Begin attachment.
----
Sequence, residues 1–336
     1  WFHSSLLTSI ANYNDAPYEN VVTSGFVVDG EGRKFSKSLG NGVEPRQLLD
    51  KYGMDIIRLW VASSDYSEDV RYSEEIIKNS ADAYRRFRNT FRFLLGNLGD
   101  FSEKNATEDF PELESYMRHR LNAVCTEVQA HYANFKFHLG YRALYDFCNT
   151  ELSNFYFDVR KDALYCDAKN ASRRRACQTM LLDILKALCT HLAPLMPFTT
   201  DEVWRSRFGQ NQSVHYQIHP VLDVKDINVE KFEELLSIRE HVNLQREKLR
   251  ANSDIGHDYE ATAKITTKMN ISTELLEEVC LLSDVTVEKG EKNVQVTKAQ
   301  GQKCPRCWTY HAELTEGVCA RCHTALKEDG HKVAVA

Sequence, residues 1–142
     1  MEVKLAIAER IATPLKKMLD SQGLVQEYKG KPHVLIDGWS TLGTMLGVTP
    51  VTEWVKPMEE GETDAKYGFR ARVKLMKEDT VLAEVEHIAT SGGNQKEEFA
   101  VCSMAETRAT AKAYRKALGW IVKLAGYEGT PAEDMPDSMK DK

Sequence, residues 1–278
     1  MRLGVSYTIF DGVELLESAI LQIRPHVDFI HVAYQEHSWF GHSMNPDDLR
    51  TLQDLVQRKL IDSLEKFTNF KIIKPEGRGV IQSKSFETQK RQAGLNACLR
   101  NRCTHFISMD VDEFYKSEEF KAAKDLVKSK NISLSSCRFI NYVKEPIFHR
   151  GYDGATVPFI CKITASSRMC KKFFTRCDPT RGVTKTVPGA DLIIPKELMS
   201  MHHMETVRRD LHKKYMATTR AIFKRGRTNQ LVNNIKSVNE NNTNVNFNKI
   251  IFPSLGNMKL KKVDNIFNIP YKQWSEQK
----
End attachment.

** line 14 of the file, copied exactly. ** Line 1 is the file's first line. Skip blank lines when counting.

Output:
     1  MRLGVSYTIF DGVELLESAI LQIRPHVDFI HVAYQEHSWF GHSMNPDDLR